Tuesday, June 8, 2010

A Primer on Kitty DPS, Part 1 (Mechanics, Everybody Else, and the Rotation)

Kaethir's back for round 3!

Please see the caveats from the Bear and Tree primers.

Please add to those caveats that at the time I began writing this, I'd only actually had a strict feral DPS spec for essentially one and a half raids, so while I think I know what I'm talking about, I may be off a little bit.


Feral DPS is one of the more difficult rotations to pull off.  To be great it requires keeping track of 3 boss debuffs, 3 player buffs, and timing cooldowns of these with how much energy and combo points you have and can generate.  Our debuffs are two bleed effects and a bleed-damage-increasing effect.  Our non-static buffs increase our physical damage by 30% (finishing move, duration varies), increases damage done by 40 for 6 secs (and returns energy!), and reduces the energy cost of all abilities by 50% for 15 secs.

Due to the nature of the beast, Kitties do best on stationary fights where they can simply lock in to their priority system of a rotation and ignore everything else.  In ICC, fights like Deathbringer Saurfang and Festergut are pretty much the Cat's meow (I'm sorry, sometimes I can't help being punny.)  There is basically no movement and no target switching involved.  We get a lot of our DPS from our two bleed effects - Rake and Rip - and the interactions between those, Mangle, and Shred.  Yet still, the biggest chunk of our DPS comes from pure melee white damage.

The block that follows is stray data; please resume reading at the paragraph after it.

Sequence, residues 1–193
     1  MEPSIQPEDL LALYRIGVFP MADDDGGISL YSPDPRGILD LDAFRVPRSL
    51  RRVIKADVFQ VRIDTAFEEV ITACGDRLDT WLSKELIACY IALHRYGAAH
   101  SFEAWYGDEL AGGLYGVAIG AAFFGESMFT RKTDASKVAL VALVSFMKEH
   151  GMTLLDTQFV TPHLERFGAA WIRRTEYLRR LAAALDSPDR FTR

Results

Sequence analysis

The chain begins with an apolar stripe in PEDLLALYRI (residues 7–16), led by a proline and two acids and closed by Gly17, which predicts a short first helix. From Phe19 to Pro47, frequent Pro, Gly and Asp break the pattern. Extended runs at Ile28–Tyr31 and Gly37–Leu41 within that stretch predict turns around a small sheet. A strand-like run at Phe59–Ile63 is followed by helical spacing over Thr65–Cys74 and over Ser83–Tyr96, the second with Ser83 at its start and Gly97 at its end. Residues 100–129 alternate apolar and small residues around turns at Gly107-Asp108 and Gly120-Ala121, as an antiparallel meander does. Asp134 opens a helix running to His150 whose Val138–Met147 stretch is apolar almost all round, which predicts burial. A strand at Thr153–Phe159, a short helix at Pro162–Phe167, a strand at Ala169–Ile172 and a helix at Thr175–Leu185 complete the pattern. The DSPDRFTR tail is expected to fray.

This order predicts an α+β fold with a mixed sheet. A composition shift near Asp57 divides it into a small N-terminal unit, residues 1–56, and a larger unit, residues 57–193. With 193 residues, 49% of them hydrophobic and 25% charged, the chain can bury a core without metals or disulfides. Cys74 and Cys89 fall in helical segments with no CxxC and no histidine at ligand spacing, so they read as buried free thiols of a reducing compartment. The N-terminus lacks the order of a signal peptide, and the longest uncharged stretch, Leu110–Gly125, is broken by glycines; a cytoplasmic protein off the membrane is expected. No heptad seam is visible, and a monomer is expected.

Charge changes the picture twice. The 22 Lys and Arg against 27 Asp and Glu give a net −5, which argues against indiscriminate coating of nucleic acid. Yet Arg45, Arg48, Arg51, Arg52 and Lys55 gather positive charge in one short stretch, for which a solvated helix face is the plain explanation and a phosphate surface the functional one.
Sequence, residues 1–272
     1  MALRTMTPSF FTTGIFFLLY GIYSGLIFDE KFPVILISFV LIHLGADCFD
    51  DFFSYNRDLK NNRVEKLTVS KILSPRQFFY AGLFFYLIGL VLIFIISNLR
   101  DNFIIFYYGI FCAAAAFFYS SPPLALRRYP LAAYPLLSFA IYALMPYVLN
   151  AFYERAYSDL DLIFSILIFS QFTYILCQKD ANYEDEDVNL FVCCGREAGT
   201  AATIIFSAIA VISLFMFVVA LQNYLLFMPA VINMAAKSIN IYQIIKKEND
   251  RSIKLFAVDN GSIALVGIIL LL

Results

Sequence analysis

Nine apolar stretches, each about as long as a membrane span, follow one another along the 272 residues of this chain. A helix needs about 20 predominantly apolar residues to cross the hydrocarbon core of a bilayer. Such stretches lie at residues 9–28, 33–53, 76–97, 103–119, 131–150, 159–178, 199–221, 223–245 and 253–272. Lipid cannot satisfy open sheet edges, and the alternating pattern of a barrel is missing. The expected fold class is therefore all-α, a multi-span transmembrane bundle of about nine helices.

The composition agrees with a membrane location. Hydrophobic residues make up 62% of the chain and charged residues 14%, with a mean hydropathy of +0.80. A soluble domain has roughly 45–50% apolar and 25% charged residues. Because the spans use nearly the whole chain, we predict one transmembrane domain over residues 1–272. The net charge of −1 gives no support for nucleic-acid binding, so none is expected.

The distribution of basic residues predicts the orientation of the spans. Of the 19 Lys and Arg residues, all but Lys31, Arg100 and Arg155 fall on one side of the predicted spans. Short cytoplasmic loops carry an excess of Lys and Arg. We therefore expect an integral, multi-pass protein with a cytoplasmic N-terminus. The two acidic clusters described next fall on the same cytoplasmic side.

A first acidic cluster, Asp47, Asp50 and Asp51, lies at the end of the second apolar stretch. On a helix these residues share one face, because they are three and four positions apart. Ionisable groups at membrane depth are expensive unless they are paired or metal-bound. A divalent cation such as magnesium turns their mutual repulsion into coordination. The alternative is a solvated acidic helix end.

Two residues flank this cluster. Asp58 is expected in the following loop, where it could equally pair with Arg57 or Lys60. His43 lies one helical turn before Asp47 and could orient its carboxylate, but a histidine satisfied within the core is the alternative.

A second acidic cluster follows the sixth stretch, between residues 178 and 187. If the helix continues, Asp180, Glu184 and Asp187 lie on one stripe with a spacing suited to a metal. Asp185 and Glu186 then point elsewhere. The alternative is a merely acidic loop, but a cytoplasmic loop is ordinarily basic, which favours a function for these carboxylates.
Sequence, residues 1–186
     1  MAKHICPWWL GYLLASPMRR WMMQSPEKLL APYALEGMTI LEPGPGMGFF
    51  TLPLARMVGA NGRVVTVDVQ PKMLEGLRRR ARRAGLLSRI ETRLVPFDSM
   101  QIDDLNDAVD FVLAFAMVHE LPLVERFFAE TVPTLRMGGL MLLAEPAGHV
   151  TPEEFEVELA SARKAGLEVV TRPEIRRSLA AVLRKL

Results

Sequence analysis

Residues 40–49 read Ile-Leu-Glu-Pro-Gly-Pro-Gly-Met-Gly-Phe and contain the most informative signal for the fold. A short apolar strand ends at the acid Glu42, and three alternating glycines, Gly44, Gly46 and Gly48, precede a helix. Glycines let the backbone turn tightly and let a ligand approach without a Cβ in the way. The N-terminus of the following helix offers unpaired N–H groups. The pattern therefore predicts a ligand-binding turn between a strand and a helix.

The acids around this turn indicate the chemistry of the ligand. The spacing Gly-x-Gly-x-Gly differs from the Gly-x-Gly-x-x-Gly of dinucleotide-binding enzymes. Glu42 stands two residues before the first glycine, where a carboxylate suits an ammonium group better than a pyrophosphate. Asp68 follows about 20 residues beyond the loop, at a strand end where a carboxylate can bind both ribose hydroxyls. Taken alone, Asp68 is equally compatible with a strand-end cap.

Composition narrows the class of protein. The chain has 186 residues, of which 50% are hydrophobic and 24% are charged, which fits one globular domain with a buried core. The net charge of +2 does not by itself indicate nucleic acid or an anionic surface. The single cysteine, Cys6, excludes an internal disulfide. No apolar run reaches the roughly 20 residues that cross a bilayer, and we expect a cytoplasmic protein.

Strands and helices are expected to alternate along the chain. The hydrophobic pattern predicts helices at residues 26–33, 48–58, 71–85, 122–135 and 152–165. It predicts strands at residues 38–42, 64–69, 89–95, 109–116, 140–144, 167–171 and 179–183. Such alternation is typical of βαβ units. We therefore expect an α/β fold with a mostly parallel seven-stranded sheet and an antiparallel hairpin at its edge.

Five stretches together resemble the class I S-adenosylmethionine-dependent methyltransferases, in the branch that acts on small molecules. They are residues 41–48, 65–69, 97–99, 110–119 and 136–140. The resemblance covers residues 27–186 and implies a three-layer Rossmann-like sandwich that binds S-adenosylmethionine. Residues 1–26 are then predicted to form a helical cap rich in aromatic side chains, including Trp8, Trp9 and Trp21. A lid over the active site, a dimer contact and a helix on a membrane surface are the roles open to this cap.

Since one of our most important DPS abilities (Rip) really wants to have 5 combo points every time we use it, and our only AOE ability (Swipe) is too energy-intensive to use for more than a brief burst, we don't tend to shine in fights where there are lots of adds we have to deal with, or lots of target switching for one reason or another.

Even more important than that, though, is Savage Roar.  Since it increases the damage done by every attack we do, it is of utmost importance that we keep it up at all times.  As you'll see below, it's the highest priority in our stack.

A side effect of this is that one of the most effective gemming strategies for us CAN be to stack Armor Penetration.  I will explain that emphasis later.

Also, because you are a Feral Druid, much like bears you will talent yourself into Leader of the Pack, increasing physical critical chance across the raid.  Depending on your exact spec, you may or may not provide the random chance of heals that the typical bear talent spec does.

What Everybody Else Needs to Know

What your raid needs to know first and foremost is that if it is possible to assign you a task that lets you rip into a single target (i.e. leave you on Deathwhisper's shield) it will maximize your ability to help the raid.  Not that you're useless otherwise, it's just that those types of tasks are how you can put out the most damage you're going to do, and as a DPS that's almost the most important thing you can do.

Secondly, if your raid is cohesive enough to allow for it, Blood DKs should be targeting you with Hysteria in stationary fights as previously mentioned - you can stack all of your buffs with it and it helps every single one of your attacks rather than just some.

Other than that, it's standard Druid stuff - you have a raid-wide static buff (Leader of the Pack, in this case) and a raid-wide castable buff (Mark/Gift of the Wild), and you can Hibernate, Cyclone, Root, and Battle Rez.